Vacancy rate and rent change

The relationship between rent change and vacancy rates in Canada.

Jens von Bergmann

5 minute read

Today the new CMHC Rental Market Survey data came out, which is a good opportunity to refine my musings on the rental vacancy rate and rent increases. I view this as the renter version of the relationship between months of inventory and changes in resale prices in the for sale market.

CMHC surveys purpose-built (market) rental apartments every October and reports on a variety of metrics, including statistics about the total stock, median and average rents, vacancy rates, and fixed-sample average rent change among others. I have grown quite font of the fixed-sample rent change metric, because it naturally lends itself to use in analysis. Fixed sample rent change keeps the rental buildings used for comparison fixed from one year to the next, so it is not polluted by changes in composition when a new building comes online or an old one gets torn down. In that sense, it’s the Case-Shiller metric for rents, with the caveat that in rent-controlled environments the change in rent may be capped, although in Canada rents are usually constrained at turnover (vacancy decontrol).

A point that sometimes get forgotten is that the CMHC purpose-built stock only includes market rentals (modulo messy details on data collection and classification), so subsidized rentals are generally not included in this.

Purpose-built (market) rental stock

To start off, let’s look at the purpose-built rental stock in Canada.

The list of CMAs with the largest purpose-built rental stock is naturally dominated by larger cities, but we immediately notice that the ordering does not correspond to population. Nor to the number or share of renter households in each city. The following graph relates the size of the purpose-built rental stock to the number of renters in each area.

Sliced this way, we notice a lot of smaller CMAs dominating the list, but some larger CMAs, in particular Montréal, also feature prominently. For comparison, here is how the shares look for the CMAs with the largest stock.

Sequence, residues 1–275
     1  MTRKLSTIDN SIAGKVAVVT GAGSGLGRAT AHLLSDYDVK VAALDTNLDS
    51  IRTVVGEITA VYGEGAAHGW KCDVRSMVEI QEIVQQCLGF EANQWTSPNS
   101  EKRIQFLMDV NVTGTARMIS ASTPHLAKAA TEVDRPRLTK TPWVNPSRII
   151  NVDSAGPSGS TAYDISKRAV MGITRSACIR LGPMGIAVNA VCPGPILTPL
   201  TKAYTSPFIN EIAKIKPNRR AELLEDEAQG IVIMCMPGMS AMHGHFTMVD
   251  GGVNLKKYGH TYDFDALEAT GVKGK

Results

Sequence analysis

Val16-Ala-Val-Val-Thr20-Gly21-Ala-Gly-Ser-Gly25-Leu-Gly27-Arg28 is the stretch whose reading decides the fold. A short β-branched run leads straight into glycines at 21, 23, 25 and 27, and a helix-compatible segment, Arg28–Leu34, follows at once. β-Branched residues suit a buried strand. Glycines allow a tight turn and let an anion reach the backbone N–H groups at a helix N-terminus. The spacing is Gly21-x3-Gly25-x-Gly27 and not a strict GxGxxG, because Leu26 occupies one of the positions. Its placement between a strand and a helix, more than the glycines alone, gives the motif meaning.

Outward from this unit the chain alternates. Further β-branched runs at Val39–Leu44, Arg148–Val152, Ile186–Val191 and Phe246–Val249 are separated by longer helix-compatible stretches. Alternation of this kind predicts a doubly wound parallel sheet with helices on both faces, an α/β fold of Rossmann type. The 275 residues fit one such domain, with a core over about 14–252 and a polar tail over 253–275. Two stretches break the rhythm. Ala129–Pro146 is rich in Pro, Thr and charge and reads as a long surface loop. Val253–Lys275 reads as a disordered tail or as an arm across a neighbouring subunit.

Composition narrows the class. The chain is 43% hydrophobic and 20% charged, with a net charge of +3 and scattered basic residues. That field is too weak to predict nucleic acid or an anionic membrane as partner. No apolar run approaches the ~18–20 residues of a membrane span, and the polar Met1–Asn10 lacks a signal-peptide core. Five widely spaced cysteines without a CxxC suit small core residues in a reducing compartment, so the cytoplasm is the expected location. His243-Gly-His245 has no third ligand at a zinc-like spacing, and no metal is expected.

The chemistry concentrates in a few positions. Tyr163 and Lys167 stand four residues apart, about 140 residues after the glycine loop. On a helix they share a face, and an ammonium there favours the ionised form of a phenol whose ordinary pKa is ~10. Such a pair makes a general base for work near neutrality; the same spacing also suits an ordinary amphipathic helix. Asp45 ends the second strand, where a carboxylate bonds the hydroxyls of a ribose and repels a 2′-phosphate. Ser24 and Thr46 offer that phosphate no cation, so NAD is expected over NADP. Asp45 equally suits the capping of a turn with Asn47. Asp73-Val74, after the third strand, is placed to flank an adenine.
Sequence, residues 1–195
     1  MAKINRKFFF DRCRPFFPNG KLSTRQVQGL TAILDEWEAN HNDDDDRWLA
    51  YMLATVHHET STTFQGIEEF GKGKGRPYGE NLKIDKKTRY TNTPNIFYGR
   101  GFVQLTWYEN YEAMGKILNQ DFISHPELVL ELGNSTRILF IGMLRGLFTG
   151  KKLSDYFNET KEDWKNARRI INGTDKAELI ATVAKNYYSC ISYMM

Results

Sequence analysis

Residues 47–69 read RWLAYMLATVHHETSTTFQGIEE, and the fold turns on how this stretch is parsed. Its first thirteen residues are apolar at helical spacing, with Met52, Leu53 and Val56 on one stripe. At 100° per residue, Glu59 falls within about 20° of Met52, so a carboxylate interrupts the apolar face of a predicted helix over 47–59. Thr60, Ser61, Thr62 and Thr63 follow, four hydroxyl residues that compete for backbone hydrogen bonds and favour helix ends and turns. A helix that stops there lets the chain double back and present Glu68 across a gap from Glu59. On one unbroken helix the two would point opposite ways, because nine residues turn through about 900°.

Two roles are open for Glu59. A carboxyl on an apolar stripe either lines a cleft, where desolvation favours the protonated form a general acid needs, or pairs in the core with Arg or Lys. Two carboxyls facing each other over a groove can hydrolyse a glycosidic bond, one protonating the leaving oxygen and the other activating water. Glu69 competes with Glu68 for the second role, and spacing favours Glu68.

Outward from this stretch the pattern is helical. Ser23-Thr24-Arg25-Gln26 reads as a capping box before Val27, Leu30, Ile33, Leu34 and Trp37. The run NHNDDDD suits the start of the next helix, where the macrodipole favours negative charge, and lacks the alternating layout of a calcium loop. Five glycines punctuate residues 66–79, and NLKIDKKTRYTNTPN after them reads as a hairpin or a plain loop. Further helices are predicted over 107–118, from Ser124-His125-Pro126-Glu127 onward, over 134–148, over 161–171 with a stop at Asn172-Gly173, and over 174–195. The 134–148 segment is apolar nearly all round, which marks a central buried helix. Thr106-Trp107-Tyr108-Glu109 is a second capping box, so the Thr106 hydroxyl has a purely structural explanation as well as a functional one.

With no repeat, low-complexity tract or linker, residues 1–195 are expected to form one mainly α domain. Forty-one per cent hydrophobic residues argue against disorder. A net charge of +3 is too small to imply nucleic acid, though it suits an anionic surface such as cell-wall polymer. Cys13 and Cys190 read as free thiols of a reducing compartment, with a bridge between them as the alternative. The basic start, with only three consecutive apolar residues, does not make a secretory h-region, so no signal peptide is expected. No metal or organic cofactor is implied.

Vacancy rate vs rent change

What we are really interested in is the vacancy rate and rent change. The purpose-built market is only one portion of the rental market, the other two are the subsidized rental market and the individual (“artisanal”) rental market. The subsidized market functions very differently, but the purpose-built and artisanal markets are somewhat fungible.

With a renewed focus on renters and public discussions about rent control, this graph highlights the relationship of the vacancy rate to inflation adjusted fixed-sample rent changes in market purpose-built rental units.

The graphs validate the rule of thumb of a three percent vacancy rate as being considered as healthy. When the vacancy rate climbs above three percent, inflation-adjusted rents generally flattens and go negative. When the vacancy rate drops below three percent, inflation-adjusted rents tends to climb.

The natural vacancy rate, the rate when inflation-adjusted rent stays flat, varies somewhat across cities and possibly across time. Vancouver appears to have a lower natural vacancy rate, with inflation-adjusted rent dipping in the negative while the vacancy rate maxes out at 2.7%. On the other hand, Sherbrooke, Montréal and Halifax appear to have slightly higher natural vacancy rates.